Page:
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oker is a family of card games involving betting and individualistic play whereby the winner is determined by the ranks and combinations of their cards, some of which remain hidden until the end of the game. Poker games vary in the number of cards dealt, the number of shared or "community" cards and the number of cards that remain hidden. The betting procedures vary among different poker games in such ways as betting limits and splitting the pot between a high hand and a low hand.


oker games, the first round of betting begins with one of the players making some form of forced bet In most modern (the ante). In standard poker, each player is betting that the hand he or she has will be the highest ranked. The action then proceeds clockwise around the table and each player in turn must either match the maximum previous bet or fold, losing


layer who matches a bet may also "raise," or increase the the amount bet so far and all further interest in the hand. A bet. The betting round ends when all players have either matched the last bet or folded. If all but one player fold on any round, then the remaining player collects the pot and may choose to show or conceal their hand. If more than one player remains in contention after the final betting round, the hands are revealed and the player with the winning hand takes the


pot. With the exception of initial forced bets, money is only placed into the ot voluntarily by a player who, at least in theory, rationally believes the bet has positive expected value. Thus, while the outcome of any particular hand significantly involves chance, the long-run expectations of the players are determined by their actions chosen on the basis of probability, psychology and game theory. Poker has gained in popularity since the beginning of the twentieth century, and has gone from being primarily a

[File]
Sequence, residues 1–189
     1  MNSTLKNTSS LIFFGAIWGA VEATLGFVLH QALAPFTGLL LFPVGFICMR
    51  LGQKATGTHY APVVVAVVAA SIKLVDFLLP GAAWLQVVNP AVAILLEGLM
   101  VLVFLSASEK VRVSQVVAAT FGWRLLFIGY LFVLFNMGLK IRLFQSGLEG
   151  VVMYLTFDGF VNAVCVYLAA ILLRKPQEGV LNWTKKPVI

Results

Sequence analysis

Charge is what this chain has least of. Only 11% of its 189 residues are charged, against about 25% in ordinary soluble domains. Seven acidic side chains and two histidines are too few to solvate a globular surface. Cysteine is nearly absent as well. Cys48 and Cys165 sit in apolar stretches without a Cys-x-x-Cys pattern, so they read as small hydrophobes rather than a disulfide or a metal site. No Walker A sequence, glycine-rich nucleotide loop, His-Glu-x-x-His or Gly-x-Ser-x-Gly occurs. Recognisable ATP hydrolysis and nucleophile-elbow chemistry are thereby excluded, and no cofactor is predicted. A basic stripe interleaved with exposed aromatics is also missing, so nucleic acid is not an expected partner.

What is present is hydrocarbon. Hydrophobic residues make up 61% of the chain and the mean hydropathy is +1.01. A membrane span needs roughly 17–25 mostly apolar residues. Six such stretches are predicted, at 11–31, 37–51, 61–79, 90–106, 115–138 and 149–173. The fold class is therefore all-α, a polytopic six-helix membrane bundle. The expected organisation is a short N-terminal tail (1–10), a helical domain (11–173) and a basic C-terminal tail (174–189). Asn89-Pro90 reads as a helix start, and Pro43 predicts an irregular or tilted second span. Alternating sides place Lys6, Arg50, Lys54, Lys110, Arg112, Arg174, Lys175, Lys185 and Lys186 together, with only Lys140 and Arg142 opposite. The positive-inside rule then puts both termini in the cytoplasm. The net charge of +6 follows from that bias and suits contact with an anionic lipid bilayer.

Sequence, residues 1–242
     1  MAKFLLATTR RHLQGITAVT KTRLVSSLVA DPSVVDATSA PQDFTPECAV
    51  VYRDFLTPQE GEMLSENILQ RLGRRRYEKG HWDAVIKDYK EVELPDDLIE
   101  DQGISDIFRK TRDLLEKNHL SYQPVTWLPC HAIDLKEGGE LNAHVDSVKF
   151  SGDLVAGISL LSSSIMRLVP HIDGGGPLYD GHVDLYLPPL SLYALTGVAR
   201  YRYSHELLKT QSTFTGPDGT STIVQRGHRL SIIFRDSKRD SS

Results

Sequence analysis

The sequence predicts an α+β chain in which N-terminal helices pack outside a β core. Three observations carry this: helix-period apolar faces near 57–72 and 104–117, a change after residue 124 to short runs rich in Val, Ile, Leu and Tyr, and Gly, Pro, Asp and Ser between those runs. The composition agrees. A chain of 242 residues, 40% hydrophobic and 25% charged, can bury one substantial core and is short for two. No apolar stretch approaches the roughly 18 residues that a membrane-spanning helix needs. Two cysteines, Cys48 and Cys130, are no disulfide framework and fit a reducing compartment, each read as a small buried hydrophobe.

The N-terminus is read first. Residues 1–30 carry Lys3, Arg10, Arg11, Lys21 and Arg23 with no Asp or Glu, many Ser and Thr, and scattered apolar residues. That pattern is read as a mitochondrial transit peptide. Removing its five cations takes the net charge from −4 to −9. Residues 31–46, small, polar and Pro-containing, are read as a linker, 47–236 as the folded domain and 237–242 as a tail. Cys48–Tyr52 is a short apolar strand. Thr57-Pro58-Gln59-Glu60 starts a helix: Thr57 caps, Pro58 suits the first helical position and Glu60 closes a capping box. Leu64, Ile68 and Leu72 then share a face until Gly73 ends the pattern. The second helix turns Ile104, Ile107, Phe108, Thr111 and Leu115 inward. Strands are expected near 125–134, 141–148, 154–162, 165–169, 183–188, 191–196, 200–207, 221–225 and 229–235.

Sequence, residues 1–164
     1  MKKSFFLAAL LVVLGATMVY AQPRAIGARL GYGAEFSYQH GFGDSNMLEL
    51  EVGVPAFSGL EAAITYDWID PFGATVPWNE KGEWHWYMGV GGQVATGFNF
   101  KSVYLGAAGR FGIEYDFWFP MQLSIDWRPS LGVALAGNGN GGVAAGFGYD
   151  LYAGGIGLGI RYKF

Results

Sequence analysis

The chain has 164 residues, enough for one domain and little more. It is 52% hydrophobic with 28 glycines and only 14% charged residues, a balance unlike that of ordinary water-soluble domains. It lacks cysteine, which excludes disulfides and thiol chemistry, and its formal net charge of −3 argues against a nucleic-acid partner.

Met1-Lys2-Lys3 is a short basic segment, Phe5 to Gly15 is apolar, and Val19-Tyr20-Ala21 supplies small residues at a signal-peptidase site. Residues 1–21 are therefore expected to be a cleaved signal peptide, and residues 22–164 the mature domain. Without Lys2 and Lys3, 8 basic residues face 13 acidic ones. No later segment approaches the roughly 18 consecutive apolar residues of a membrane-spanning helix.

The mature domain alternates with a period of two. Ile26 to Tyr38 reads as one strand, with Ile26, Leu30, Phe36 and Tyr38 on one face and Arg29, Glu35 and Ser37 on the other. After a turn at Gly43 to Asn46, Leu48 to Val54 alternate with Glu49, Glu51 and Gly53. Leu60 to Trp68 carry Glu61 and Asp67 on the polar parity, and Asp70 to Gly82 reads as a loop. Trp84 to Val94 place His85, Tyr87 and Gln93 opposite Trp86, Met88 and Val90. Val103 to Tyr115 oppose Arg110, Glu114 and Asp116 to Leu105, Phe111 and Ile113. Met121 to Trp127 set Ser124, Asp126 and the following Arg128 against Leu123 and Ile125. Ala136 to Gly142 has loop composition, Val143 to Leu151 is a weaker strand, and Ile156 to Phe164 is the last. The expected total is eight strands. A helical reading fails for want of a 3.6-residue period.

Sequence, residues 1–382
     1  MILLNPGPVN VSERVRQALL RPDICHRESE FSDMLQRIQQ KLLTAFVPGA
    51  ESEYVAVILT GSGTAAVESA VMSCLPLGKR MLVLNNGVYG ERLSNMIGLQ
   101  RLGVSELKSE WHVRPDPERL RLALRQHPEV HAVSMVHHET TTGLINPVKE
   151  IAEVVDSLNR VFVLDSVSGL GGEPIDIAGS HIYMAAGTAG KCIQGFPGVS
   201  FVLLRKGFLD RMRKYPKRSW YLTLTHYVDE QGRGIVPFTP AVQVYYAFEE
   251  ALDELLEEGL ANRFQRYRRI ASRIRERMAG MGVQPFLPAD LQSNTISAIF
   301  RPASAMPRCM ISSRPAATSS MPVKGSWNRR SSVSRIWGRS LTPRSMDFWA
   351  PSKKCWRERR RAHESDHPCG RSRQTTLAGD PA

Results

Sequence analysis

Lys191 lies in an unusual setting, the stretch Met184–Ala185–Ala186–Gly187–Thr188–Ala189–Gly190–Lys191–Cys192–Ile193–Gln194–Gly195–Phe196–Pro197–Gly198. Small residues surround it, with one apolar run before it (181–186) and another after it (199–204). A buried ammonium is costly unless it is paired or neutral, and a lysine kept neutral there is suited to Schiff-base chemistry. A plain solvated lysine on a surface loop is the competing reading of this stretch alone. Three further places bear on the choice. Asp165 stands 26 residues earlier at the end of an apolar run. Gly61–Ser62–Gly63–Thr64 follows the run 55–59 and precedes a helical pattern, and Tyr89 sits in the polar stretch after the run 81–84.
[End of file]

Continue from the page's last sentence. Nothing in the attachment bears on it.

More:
opular spectator activity with recreational activity confined to small groups of mostly male enthusiasts, to a widely international audiences and multi-million dollar tournament prizes. English actor Joseph Crowell[who?] reported[where?] that the game was played in New Orleans, Louisiana in 1829, with a deck of 20 cards, and four players betting on which player's hand was the most valuable.[citation needed] Jonathan H.


Green's book, An Exposure of the Arts and Miseries of Gambling (G. B. Zieber, hiladelphia, 1843), described the spread of the game from there to the rest of the country by Mississippi riverboats, on which gambling was a common pastime. As it spread north along the Mississippi River and to the West during the gold rush, it is thought to have become a part of the frontier pioneer ethos. Soon after this spread, the full 52-card English deck[citation needed] was used and the flush was introduced. The draw was added prior to 1850 (when it was first mentioned in print in a handbook of games).[1] During the American Civil War, many additions were made including stud poker (specifically five-card stud), and the straight. Further American


oker (around 1900), and developments followed, such as the wild card (around 1875), lowball and split-pot community card poker games (around 1925). Modern tournament play became popular in American casinos after the World Series of Poker began, in 1970.[2] Notable champions from these early WSOP tournaments include Johnny Moss, Amarillo Slim, Bobby Baldwin, Doyle Brunson, and Puggy Pearson. Later in the 1970s, the first serious poker strategy books appeared, notably Super/System by Doyle


Brunson (ISBN 1-58042-081-8) and Caro's Book of oker Tells by Mike Caro (ISBN 0-89746-100-2), followed later by The Theory of Poker by David Sklansky (ISBN 1-880685-00-0). By the 1980s, poker was being depicted in popular culture as a commonplace recreational activity. For example, it was featured in at least 10 episodes of Star Trek: The Next Generation as a weekly event of the senior staff of the fictional ship's crew.[3] In the 1990s, poker and casino gambling

Poker Face September 2012, Academic work 27.55�x17.68� Water color, processed by PS and AI



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